Sunday, February 5, 2012

Felting Rocks

When I saw the tutorial back in November on the Living Crafts blog on creating felted rainbow rocks, I just knew that I wanted to try this with my Camp Fire group some day.  They are just so beautiful.

Last month was the perfect time.  Every year Camp Fire holds an art competition with a different theme each year.  This year the theme is fiber.  So, felting is perfect for them!
A number of years ago my mother taught spinning at Greenfield Village.  She has three beautiful spinning wheels hiding out in the attic!  She still has a very large quantity of wool fleece, so I didn't need to buy any roving.  However, all the fleece was gray and tan - so if the kids were going to make colorful rocks I needed to do some wool dying.
Before I could do any dying, I needed to wash the fleece.  It still had hay, dirt, and sticks in it.  Since I know absolutely nothing about cleaning wool fleece I turned to Google to help me find some tutorials on washing.  There are a number of tutorials out there.  I ended up washing the fleece, after picking out the big pieces of hay and sticks, in the kitchen sink with shampoo. 
Thankfully it was a fairly sunny day with minimal wind, so I took my drying rack outside and hung the soggy fleece out to dry. 

I then took over the kitchen and got to work dying most of the fleece. This time drying in the bathtub.

I used 4 different types of fabric dye - powdered Rit, liquid Rit, Jacquard iDye and Dylon. Because out group is made up of mostly girls I did way more pinks and purples. I also left some fleece natural colors so they could use it as the outside of their rocks.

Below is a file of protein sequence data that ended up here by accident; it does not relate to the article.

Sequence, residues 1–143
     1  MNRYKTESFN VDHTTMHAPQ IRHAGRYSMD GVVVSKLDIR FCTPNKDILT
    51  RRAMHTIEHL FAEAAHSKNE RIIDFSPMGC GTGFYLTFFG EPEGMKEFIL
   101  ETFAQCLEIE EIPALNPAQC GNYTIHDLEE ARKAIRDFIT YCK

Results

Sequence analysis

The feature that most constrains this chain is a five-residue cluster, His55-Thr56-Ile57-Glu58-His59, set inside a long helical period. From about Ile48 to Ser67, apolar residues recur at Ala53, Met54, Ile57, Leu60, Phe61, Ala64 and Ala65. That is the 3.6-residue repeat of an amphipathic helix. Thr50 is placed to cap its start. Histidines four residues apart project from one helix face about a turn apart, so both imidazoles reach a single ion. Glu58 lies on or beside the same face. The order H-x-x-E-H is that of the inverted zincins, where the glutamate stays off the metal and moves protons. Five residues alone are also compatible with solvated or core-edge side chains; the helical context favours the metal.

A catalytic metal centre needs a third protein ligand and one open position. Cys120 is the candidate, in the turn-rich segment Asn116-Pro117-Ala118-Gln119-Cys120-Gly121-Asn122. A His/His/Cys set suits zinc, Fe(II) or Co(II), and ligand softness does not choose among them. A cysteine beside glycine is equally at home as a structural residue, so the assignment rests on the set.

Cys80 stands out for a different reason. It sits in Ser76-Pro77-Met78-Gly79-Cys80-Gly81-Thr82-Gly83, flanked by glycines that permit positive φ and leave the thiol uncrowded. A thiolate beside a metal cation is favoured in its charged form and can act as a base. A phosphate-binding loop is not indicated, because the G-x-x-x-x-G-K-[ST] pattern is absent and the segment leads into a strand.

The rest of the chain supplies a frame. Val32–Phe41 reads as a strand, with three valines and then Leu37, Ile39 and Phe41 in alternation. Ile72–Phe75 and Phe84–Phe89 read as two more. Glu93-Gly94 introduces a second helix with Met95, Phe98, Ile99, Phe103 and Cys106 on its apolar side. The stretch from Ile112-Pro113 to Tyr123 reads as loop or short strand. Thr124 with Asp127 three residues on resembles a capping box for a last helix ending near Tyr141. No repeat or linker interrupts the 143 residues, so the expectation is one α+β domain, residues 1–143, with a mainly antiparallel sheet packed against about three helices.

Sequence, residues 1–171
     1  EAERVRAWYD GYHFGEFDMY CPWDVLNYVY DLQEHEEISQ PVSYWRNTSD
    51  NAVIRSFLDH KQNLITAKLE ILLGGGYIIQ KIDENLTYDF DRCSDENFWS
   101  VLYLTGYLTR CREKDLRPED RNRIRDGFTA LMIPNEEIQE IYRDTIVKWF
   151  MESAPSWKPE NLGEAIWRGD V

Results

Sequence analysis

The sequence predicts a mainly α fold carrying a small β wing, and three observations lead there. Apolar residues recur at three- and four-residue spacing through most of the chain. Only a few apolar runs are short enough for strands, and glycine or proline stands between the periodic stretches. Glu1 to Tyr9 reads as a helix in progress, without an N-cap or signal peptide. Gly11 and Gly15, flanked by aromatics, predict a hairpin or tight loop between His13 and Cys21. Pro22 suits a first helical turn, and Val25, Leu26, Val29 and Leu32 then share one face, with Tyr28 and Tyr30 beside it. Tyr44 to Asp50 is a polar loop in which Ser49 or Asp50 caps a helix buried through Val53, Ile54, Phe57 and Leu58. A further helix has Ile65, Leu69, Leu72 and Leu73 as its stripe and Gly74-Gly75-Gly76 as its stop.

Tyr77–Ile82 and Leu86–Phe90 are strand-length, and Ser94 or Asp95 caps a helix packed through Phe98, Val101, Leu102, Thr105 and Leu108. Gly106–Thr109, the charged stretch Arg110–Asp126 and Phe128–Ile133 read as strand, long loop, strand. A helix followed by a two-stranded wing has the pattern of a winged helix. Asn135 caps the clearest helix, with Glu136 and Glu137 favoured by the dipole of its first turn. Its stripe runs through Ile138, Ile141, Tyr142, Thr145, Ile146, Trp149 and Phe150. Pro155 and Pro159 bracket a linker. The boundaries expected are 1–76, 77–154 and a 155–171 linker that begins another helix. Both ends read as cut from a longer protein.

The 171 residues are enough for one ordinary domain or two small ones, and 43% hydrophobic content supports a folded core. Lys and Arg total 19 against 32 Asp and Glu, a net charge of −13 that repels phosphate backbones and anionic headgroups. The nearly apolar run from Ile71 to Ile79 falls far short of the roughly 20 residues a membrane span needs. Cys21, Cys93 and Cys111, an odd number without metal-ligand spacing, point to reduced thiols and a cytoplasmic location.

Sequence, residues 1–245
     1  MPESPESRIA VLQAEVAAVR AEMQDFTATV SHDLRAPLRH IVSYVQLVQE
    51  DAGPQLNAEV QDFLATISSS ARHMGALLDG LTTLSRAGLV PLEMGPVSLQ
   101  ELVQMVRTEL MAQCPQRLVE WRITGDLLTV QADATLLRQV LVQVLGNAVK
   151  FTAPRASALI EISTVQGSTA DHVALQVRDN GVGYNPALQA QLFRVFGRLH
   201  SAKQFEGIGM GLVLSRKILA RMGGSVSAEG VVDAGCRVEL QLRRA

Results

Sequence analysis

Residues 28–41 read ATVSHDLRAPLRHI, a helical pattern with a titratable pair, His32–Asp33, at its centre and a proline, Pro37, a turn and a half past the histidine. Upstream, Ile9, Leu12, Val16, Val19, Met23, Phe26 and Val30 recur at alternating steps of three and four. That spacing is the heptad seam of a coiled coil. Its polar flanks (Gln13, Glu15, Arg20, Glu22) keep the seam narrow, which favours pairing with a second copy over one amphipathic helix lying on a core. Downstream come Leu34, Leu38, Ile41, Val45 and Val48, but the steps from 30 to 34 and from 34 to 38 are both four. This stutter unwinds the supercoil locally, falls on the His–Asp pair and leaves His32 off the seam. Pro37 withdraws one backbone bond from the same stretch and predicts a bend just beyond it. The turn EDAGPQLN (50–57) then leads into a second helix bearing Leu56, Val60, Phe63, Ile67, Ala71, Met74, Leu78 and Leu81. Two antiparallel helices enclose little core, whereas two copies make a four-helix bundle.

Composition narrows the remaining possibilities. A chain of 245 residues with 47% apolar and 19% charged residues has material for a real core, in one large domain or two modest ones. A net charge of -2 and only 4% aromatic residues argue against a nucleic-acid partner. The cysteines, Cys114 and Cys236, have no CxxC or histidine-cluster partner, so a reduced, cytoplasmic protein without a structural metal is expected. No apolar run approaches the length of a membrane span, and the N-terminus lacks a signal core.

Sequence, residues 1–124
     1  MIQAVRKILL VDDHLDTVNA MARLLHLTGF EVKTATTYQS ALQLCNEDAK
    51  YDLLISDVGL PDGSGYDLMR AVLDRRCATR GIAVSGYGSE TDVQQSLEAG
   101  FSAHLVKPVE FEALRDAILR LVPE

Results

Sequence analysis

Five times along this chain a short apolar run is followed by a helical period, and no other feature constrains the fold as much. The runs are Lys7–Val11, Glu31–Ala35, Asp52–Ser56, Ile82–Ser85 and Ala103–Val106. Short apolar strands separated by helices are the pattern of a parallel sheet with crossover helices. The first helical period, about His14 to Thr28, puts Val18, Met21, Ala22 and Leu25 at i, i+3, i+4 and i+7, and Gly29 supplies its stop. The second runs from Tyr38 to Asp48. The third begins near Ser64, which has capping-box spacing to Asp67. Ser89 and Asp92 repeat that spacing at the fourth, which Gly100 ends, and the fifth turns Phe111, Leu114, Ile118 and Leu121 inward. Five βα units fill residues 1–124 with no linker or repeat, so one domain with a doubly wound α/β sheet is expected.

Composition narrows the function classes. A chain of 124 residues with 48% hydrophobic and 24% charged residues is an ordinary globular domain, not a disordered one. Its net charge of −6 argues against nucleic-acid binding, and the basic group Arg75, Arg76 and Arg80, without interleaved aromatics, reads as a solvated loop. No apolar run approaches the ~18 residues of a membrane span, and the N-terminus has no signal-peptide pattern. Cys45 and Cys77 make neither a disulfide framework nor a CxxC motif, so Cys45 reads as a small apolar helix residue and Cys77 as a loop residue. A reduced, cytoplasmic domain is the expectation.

I will say that the Jacquard and Dylon dyes worked much better then the RIT.

The washing and dying process took me the better part of an entire day!

Unfortunately, I do not have any pictures of they felting process. The tutorial on Living Crafts has a lot of great pictures on the process, which is pretty simple. You start with a small ball of roving and continually wrap different colors of roving around the center until you get a wad of wool about the size of an orange or even grapefruit.

You then use soapy warm water and start the LONG process of felting up the rock. We tried it at home the day before out meeting and it took us a good 30 minutes of working the ball to get it felted. The kids lost interest in about 10 minutes! In the end the we directed the kids to take their balls home and stuff them in an old sock, then wash it on hot in the washing machine. We tried this with Ran's and it worked great!
The best part is cutting it open to see you creation!

Here are two made using brighter colored roving. 
The entire process was a lot of work, but worth it.

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